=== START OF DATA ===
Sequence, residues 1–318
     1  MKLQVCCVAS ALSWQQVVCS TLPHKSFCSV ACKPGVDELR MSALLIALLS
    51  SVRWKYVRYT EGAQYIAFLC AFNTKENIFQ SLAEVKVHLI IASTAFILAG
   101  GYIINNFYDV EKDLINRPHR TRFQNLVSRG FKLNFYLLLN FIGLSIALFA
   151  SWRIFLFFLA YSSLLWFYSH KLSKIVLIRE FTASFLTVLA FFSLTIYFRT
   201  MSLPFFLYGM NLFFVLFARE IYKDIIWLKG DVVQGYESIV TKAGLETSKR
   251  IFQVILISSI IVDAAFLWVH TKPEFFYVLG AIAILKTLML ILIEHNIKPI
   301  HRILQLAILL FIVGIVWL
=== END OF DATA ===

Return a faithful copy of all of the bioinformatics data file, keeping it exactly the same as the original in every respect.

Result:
Sequence, residues 1–318
     1  MKLQVCCVAS ALSWQQVVCS TLPHKSFCSV ACKPGVDELR MSALLIALLS
    51  SVRWKYVRYT EGAQYIAFLC AFNTKENIFQ SLAEVKVHLI IASTAFILAG
   101  GYIINNFYDV EKDLINRPHR TRFQNLVSRG FKLNFYLLLN FIGLSIALFA
   151  SWRIFLFFLA YSSLLWFYSH KLSKIVLIRE FTASFLTVLA FFSLTIYFRT
   201  MSLPFFLYGM NLFFVLFARE IYKDIIWLKG DVVQGYESIV TKAGLETSKR
   251  IFQVILISSI IVDAAFLWVH TKPEFFYVLG AIAILKTLML ILIEHNIKPI
   301  HRILQLAILL FIVGIVWL